When the same subjects were brought back six months later for a repeat of the test, each subject matched his/her previous performance almost identically.  The authors described subjects’ distinctive alertness deterioration patterns as being like “fingerprints.”

I know about individual sleep differences from my own life.  I take a nap almost every day, and can easily sleep in a moving vehicle.  My wife has never taken a nap in our 46+ years together.  On auto trips she drives while I sleep.  Perfect relationship!

The above studies primarily involved healthy subjects.  In addition to normal variations, medical sleep disorders like Obstructive Sleep Apnea (OSA) cause major safety risks.  Studies suggest that OSA crash involvement risks are elevated about four-fold over normal (Knipling, 2009).  If your sleeping partner tells you that you stop breathing and then gasp for breath while sleeping, take it seriously and see a doctor!

Amount of Prior Sleep  

You won’t be surprised to hear that prior sleep directly affects your alertness and performance.  But you might be surprised to learn how much this is true.  The AAA Safety Foundation (2018; also see Tefft, 2018) analyzed U.S. DOT crash causation data.  They found that drivers with 4-5 hours’ prior sleep had more than four times the at-fault crash rate as those who had 7+ hours of sleep.  Drivers with less than 4 hours’ sleep in the prior 24 hours were 15 times more likely to be at-fault in their crashes.  The same study looked at crash Critical Reasons (CRs); i.e., the specific driver error triggering the crash.  Asleep-at-the-wheel was identified as the CR for:

  • 44% of drivers with less than 5 hours’ sleep in the prior 24 hours
  • 11% of drivers with 5-6 hours’ sleep
  • 2% of drivers with 6-7 hours’ sleep; and
  • 0.03% of drivers with 7+ hours’ sleep. 

Prior sleep includes naps  

Naps are the very best countermeasure to sleepiness while driving.  In fact, the sharpest reaction times test subjects achieve are usually in the late afternoon after an earlier nap.  The ideal nap is just 20-30 minutes. 


Time-of-day has a strong effect on human and animal alertness, and it’s not just because of dark-light cycles or the timing of sleep.  The brain has a 24-hour pacemaker which programs regular rises and falls in physiological arousal and alertness.  This biologically programmed daily cycle is called the circadian rhythm.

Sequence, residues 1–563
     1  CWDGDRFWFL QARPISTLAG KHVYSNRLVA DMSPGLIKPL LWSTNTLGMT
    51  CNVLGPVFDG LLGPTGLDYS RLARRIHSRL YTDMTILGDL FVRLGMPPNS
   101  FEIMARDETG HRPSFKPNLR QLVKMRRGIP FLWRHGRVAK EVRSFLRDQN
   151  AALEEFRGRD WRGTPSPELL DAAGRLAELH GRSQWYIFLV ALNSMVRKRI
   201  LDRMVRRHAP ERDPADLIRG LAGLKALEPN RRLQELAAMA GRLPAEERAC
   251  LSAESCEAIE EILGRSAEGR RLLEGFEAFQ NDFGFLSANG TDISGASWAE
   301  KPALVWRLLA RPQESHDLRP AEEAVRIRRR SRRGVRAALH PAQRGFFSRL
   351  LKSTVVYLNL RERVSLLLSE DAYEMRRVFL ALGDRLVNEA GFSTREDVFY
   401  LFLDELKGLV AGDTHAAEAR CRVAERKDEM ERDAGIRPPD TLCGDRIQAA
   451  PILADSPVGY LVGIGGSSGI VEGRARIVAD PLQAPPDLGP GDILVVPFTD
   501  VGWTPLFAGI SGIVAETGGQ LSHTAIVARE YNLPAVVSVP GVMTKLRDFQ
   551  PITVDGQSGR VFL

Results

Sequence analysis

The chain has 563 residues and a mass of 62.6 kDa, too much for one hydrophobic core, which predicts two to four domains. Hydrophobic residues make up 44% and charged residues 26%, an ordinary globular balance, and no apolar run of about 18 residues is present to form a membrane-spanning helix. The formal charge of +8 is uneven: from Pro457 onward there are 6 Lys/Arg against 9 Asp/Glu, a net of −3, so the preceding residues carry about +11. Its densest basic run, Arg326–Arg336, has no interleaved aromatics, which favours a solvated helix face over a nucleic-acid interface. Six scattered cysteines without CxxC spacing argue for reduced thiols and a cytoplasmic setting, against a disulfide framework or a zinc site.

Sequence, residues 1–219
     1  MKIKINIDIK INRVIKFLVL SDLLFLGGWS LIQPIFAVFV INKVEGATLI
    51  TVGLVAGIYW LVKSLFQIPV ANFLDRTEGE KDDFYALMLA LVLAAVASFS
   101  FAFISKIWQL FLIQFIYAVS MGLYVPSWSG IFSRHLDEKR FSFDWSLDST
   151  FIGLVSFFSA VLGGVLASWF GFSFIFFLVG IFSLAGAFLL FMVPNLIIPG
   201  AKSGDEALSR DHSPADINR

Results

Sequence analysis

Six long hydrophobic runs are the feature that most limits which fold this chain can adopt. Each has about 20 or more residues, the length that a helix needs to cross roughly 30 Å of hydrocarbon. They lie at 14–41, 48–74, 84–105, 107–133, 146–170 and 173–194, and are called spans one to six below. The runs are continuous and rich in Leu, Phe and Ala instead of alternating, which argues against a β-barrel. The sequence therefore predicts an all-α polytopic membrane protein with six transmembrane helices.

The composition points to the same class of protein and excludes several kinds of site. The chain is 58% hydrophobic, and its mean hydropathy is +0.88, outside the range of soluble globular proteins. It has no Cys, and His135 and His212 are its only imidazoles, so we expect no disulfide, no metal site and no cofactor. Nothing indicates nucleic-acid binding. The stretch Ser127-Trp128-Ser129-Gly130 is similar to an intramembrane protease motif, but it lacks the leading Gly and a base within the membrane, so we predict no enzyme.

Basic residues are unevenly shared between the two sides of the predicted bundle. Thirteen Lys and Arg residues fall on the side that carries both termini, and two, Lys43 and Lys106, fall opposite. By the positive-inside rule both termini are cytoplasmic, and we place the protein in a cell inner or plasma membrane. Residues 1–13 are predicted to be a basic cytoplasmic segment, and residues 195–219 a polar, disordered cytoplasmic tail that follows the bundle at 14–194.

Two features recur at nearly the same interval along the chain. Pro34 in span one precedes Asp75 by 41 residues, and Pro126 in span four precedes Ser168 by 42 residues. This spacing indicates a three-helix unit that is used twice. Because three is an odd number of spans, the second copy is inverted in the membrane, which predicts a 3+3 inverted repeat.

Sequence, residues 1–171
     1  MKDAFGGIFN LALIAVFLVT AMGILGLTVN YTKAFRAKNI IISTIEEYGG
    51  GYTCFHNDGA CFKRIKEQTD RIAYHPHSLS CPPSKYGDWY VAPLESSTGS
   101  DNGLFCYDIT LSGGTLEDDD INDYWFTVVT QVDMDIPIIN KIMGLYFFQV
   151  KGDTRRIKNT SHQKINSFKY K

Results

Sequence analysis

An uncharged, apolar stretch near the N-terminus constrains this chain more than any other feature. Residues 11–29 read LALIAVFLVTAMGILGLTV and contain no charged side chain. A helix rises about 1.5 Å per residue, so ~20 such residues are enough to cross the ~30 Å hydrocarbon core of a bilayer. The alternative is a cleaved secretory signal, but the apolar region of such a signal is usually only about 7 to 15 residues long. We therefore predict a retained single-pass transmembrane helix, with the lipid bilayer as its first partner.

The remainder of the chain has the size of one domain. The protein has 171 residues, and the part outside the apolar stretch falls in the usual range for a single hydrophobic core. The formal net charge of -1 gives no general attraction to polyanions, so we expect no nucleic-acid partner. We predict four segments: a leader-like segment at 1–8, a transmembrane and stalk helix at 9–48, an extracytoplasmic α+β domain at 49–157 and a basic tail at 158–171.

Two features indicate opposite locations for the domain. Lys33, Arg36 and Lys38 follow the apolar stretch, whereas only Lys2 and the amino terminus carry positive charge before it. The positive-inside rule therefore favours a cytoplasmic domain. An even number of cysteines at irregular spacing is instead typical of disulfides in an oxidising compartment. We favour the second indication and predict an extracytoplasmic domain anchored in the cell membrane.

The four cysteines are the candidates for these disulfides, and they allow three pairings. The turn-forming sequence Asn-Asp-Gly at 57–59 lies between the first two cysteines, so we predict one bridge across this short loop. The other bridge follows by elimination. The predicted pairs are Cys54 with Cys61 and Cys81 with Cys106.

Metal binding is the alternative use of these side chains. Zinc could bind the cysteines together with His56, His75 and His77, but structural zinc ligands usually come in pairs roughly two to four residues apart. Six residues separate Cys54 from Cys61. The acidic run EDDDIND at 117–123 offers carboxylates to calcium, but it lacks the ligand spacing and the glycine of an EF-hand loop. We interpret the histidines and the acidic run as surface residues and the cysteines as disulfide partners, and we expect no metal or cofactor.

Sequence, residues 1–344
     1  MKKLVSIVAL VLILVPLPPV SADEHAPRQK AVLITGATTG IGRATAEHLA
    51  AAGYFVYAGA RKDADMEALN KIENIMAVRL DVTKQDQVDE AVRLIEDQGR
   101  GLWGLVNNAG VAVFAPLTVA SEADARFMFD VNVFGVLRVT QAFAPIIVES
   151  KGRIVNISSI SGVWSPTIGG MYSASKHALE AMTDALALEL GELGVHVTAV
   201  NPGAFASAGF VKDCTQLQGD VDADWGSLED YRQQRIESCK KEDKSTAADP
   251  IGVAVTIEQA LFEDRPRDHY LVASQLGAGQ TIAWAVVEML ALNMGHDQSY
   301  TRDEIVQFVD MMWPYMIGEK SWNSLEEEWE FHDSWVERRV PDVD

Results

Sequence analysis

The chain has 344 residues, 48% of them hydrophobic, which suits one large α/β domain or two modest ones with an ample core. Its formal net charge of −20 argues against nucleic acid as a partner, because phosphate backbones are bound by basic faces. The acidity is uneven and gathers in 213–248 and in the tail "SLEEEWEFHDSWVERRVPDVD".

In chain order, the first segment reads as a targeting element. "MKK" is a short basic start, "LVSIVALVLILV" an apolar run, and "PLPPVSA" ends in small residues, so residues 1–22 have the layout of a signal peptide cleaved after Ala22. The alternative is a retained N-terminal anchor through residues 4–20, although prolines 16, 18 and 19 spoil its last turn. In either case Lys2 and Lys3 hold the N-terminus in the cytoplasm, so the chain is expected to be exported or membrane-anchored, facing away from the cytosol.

In the DFAS, time-of-day was the “strongest and most consistent factor influencing driver fatigue and alertness . . .“   High-drowsiness observed in drivers’ faces was eight times more frequent during overnight driving than during the day.  Driver performance, as measured by lateral lane deviations and performance tests, was also worse.  Your daily “alertness rollercoaster” goes up in the morning and stays high until early-afternoon, when that big lunchtime sandwich you eat likely triggers a dip.  Then alertness goes up again and doesn’t start to decline until mid-evening.  From 9:00pm or so it’s a slow ride down to the doldrums just below dawn.  In the U.S. DOT’s Large Truck Crash Causation Study (LTCCS), 62% of all truck driver asleep-at-the-wheel crash involvements occurred within just two hours, from 4:00am to 6:00am (Knipling, 2009).

Time-of-day is the one alertness factor that’s always affecting you.  Plan your daily life around it.  For me, that means trying not to schedule meetings or other mentally demanding activities in the early afternoon.  And I’m wary about the rare times when I have to get up and drive before dawn.

Time Awake

Do you get sleepy at about the same time every night?  What time is that, and how many hours have you typically been awake?  If you’re like most people, you get sleepy after you have been awake about 16 hours.  If you get up at 7am, you’ll get sleepy and go to bed at around 11pm.

Sixteen hours of wakefulness plus eight hours of sleep nicely equals a 24-hour day.  It’s nature’s basic program.  Given individual differences and the daily demands of life, your schedule may look more like 17 + 7 than 16 + 8.  The body’s circadian system, sleep needs, and limits on time awake drive most people toward this type of regular schedule.  If your schedule is markedly different from this, you might have a problem.